6) Linchpin by Seth Godin (Bonus)

Books for Finance professionals, Other than above:
1) Manorama Yearbook
– If you are working in India, it would surprise you how little you know about India. Keeping this handy and going through once in a while is a massive boon.
2) Security Analysis By Graham & Dodd
3) Damodaran on Valuation
4) R programming for dummies. (most underrated skill any finance professional can have)
5) Warren Buffett and the interpretation of financial statements by Mary Buffett and David clark.

This should help.

I would recommend the following technology trends
to keep an eye on:
1) Blockchain ( Blockchain Revolution by Don and Alex Tapscott is a good read )
2) Artifical Intelligence ( course by Andew Ng on Coursera and Prediction machines by Agrawal gans and goldfarb)
3) Augmented Reality (best is youtube videos, because you really need to understand visually why this will change business)

Ajinkya captured the blogs and podcasts perfectly, so I figured I would add a list of don’t dos?

1) Do not read any book only once.
2) Accounting is a mechanical process but Finance is not. Do not be close minded on how things must be done. (once you come into the world, even accounting is not mechanical)
3) Do not forget your basics. NPV, IRR, Time value of Money, P&L, Balance sheet, Cash flow statements.. these things should be absolutely solid. Its remarkable how many people still fumble with these.
4) Do not ignore Taxes./hidden charges. We always do things ” tax exclusive” but remember, taxes/ hidden charges are a massive key to anything. Eg: Read about active and passive Mutual Funds.
5) Do not call Ashish as Sir. (This is correct, and important – Ashish)

Lastly I think Ajinkya captured it best, you are the average of the 5 people you hang out with. Even if you read none of the above, bring out ruthless choice in your company.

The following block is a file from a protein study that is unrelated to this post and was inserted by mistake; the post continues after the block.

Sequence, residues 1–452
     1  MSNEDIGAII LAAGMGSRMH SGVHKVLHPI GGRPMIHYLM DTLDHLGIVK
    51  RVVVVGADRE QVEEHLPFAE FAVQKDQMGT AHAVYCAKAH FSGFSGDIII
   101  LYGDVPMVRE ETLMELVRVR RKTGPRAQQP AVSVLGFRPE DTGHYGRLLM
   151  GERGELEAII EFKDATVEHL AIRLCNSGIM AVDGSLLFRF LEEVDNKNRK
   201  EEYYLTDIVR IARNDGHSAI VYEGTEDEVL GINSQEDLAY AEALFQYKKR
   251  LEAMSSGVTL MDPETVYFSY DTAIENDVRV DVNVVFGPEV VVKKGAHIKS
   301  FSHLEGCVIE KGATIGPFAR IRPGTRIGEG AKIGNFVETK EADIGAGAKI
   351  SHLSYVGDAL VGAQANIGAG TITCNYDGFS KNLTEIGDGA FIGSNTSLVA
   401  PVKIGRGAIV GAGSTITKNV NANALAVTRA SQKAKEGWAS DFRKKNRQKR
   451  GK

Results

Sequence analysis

Thank you for all the learnings,
Krishna Subramanian

 

Notes from Pale Rider, by Laura Spinney

This is a book that was recommended to be a while ago, but I only got around to reading it today. It likely would have been a page-turner in its own right at any time that I happened to read it, but in these times, it was the very definition of unputdownable.


 

I have pages and pages of notes, and I’m just going to note stuff over here in haphazard, higgedly-piggedly fashion. Hopefully, I will come back to it later on and write a more considered essay. For the moment, this must do.

  • Between the first recorded case, on the 4th of March 1918 up to sometime in March 1920, the Spanish flu killed anywhere between 50 million to 100 million people. For point of comparison, the two world wars, put together, killed 77 million people.
  • The reason we don’t hear as much about the Spanish flu is because of the Euro-centric reporting of the time. France lost six times as many people to the war as it did to the flu, Germany four times as many – Britain three times and Italy two.But everywhere else, the flu killed more people than did the war.
  • A virus doesn’t typically “jump” over the species barrier. To use the author’s phrase, it “oozes” over, across multiple generations of the virus. And in some cases, having oozed over, it finds itself mutated into a formidable shape indeed: ideally suited to grow and humans unable to defend themselves against it.
  • Climate can cause disease, but there have been cases where disease has caused climate – and as recently as the sixteenth century. The germs unleashed by Europeans in the Americas could possibly have ushered in the Little Ice Age.
  • The flu struck in three waves, and the second wave was by far the deadliest.
  • Australia was almost entirely unaffected by the second wave because of very strict maritime restrictions. But as it turns out, they lifted the restrictions far too soon, therefore becoming susceptible to the third wave.
  • The Vaccine Revolt of Brazil.